I added a network load balancer to sit in front of my Docker hosts to allow them to be fall over for each other. After that, I moved datadriven-investment.com to www.datadriven-investment.com because of the problem with apex DNS record mentioned above.
Continue reading “AWS load balancing Docker hosts and pain with HTTPS”
To improve the load time from the previous article, we must look to caching. I have always been fascinated by technology that allows us to serve pages very VERY fast. So in this article, I am going to explore a few different options for making WordPress load faster using caching.
It is not feasible to make software like WordPress load in less than 100ms, just loading the front page on this blog takes around 400ms which is already fast for a WordPress site. So we need a caching system in front of it to improve the load time.
Continue reading “WordPress load times below 100ms”
This article extends the setup explained in the previous article.
Briefly, the setup consists of a load balancer, an HTTP server, and a PHP-fpm backend, all running in a Docker Swarm environment as explained here.
Previously the load balancer was bound to the manager node in the Docker swarm because it needed access to the Let’s Encrypt certificate files. To prepare for a fully replicated and fault tolerant design, this needs to be fixed so it can run from any node.
Because of the mesh network in Docker swarm, the load balancer does not need to run on the manager node where the external IP is bound. It can run on any host; the mesh network will route the request to the right container. But that requires us to replicate the Let’s Encrypt certificates and make sure they can be renewed and reloaded independently of which host the load balancer is running. This article explains how I changed that and moved renewal into Docker.
Continue reading “Let’s Encrypt selfcontained inside Docker”
The book is published in 2014 so it is starting to show some age. Even though ASP.NET MVC 5 is the last version until it changed the name to ASP.NET MVC Core which is in version 2, see the version history here. So why read a four year old book? Many projects still use MVC 5 and it allowed me to gain an overview of the technology before diving into MVC Core. Unless you have a particular interest in MVC 5 I would recommend a book about MVC Core instead.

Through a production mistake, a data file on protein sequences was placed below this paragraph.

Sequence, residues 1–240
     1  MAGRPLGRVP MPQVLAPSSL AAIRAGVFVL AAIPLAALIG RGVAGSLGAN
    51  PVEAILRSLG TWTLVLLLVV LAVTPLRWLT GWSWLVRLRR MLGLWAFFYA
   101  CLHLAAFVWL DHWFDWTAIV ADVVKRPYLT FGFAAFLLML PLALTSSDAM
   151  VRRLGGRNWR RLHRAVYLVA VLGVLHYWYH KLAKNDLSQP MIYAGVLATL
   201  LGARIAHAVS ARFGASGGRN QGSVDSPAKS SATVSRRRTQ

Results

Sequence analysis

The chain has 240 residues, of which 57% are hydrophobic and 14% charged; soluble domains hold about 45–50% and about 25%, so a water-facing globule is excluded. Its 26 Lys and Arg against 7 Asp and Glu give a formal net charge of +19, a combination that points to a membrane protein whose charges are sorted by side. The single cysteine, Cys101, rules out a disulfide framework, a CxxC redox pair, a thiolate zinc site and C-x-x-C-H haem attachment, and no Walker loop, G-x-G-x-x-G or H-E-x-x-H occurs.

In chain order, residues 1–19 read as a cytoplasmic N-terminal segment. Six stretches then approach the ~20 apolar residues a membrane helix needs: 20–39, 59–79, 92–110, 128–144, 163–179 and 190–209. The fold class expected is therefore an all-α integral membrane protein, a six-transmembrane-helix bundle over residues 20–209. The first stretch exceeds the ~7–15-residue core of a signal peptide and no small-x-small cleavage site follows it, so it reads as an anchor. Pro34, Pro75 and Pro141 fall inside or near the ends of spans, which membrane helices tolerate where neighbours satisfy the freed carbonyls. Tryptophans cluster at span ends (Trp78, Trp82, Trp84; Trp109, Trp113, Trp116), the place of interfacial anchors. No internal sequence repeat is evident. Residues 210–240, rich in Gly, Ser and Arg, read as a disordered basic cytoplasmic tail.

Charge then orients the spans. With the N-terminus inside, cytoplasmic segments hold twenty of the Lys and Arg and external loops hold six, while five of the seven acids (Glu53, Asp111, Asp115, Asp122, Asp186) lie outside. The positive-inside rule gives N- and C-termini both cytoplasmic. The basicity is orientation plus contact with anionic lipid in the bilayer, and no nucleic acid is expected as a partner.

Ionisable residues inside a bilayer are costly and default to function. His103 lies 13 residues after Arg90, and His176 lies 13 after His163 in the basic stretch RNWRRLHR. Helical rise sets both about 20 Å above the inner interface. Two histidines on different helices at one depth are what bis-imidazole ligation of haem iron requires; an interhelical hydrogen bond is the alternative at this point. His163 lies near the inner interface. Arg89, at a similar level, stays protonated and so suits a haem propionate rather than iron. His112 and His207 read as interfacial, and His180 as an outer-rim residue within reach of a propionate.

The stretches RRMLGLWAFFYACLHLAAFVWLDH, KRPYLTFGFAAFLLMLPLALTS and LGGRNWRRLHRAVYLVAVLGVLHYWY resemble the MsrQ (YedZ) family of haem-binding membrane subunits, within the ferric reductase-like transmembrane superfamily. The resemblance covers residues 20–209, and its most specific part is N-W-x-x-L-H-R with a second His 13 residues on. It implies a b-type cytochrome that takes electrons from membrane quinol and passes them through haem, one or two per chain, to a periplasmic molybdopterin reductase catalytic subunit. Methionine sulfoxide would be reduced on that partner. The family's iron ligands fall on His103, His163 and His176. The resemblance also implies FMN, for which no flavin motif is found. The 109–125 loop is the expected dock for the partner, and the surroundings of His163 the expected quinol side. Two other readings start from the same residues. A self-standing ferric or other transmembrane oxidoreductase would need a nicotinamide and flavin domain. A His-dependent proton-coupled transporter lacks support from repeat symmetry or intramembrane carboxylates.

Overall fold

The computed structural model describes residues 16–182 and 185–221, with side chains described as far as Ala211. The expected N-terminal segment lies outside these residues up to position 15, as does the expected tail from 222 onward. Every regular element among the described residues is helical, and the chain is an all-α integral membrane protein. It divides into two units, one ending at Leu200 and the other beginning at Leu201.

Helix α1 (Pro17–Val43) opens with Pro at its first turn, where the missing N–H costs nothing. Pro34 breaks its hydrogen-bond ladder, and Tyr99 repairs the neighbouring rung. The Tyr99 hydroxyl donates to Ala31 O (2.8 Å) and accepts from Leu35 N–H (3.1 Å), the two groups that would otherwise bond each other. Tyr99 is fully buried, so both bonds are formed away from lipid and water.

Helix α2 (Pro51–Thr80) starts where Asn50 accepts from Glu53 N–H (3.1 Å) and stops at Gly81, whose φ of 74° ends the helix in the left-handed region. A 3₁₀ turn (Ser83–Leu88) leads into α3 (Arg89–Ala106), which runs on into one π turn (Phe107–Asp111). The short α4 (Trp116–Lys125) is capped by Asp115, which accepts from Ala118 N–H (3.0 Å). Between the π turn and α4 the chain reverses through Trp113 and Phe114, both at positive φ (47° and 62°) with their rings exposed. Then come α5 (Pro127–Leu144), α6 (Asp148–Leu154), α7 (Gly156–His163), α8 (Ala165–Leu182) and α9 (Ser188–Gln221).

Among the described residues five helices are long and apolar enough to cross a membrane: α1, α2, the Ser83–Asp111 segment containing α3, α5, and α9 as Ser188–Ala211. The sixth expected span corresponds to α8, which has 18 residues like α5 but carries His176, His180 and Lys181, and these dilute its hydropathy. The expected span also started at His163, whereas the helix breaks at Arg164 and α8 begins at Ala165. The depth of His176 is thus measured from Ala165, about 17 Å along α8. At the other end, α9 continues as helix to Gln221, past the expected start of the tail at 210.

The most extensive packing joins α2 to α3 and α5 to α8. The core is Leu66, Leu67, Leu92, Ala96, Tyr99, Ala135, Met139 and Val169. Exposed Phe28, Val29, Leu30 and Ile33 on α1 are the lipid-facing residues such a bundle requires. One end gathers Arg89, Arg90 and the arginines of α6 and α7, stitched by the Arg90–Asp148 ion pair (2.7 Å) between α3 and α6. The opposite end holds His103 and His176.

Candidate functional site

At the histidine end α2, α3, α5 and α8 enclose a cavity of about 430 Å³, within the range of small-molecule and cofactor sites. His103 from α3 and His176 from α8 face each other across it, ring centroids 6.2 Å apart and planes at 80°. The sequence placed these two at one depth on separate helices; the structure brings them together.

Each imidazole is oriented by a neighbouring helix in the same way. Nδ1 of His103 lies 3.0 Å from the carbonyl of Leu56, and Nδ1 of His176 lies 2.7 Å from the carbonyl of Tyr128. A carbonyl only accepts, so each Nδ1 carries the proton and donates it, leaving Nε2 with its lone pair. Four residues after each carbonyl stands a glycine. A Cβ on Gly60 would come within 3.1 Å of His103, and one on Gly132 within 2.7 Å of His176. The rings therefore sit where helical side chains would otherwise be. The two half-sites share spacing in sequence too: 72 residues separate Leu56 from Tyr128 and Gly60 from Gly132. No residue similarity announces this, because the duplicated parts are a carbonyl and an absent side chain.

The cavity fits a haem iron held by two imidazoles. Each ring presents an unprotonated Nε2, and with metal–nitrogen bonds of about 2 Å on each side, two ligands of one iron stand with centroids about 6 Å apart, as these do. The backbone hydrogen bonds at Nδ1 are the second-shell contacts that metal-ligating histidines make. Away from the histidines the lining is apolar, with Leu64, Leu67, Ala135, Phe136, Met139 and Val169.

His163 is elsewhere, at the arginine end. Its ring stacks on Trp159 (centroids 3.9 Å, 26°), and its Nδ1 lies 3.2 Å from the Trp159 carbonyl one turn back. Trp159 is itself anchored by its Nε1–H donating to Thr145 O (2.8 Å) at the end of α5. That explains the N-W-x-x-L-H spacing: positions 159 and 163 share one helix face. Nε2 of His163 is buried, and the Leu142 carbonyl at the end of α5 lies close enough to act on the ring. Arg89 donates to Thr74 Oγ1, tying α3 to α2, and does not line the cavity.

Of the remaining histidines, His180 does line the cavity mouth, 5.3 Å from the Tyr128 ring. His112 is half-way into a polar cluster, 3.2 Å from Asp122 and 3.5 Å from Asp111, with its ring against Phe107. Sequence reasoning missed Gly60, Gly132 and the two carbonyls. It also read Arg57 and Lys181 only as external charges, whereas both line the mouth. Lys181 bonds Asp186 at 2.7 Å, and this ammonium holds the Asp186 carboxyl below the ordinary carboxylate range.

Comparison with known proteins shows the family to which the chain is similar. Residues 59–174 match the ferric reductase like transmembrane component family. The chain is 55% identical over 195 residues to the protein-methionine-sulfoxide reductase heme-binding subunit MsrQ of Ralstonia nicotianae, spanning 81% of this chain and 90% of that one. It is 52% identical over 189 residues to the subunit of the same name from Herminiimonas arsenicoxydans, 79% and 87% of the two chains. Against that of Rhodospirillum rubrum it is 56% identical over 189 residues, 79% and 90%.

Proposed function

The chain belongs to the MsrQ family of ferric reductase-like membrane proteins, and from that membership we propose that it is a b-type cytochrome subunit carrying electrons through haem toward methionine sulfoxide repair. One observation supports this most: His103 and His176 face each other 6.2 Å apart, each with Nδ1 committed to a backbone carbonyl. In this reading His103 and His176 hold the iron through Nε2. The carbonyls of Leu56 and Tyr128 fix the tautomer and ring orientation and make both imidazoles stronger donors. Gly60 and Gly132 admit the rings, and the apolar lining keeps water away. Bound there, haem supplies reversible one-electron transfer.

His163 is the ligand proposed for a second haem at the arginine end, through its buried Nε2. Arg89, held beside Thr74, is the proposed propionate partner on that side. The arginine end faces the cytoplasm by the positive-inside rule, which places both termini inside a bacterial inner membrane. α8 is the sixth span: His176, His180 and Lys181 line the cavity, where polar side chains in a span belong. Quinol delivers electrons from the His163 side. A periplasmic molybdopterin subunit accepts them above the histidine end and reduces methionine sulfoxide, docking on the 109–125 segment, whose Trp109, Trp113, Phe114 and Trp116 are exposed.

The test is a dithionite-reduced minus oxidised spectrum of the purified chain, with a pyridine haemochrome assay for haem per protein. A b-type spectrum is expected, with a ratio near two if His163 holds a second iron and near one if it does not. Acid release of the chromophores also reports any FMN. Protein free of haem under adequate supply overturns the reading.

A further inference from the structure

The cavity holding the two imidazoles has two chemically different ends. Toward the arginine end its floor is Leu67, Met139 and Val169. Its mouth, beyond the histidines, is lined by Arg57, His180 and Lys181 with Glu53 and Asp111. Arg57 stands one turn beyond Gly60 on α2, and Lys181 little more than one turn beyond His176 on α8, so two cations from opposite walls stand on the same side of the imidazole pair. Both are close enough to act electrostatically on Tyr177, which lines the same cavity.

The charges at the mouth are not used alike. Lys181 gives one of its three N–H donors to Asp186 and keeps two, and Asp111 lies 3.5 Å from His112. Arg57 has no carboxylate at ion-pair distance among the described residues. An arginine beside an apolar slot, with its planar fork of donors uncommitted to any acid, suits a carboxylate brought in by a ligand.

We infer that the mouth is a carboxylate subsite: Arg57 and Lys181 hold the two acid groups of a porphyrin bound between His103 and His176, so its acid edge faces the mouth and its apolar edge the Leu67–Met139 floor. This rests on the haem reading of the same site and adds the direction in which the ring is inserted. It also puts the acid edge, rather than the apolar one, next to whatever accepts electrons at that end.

At 624 pages and 17 chapters, I read it in a couple of weeks. It does start to show it’s age when referencing jQuery and AngularJS, it is rather old versions mentioned. But the chapters about the MVC framework are sound and contains a good walkthrough about each main feature of the framework. If you need a primer on MVC 5 I will recommend it.
Continue reading “Book Review: Professional ASP.NET MVC 5”
Your deployment environment is a tool that should be sharpened to allow maximum productivity. I have seen many developers where their deployment environment is less than optimal, hurting their productivity.
Ranging from, developing directly on production sites. To develop on a shared server. And finally using a local development environment, which I think is the most optimal way to do it.
Developing directly on production is “fast”, but remember the quote
Slow and steady wins the race
If you develop directly in production, the business will be all over you when you break things, and you will break things! So take the time to get a setup that allows you to go fast in the future.
A local development environment has many advantages and with Docker, it is easy to set up. I will show how I handle the setup for my development. Including tip for how you can take advantage of a local development environment.
Continue reading “Optimal deployment environment for productivity boost”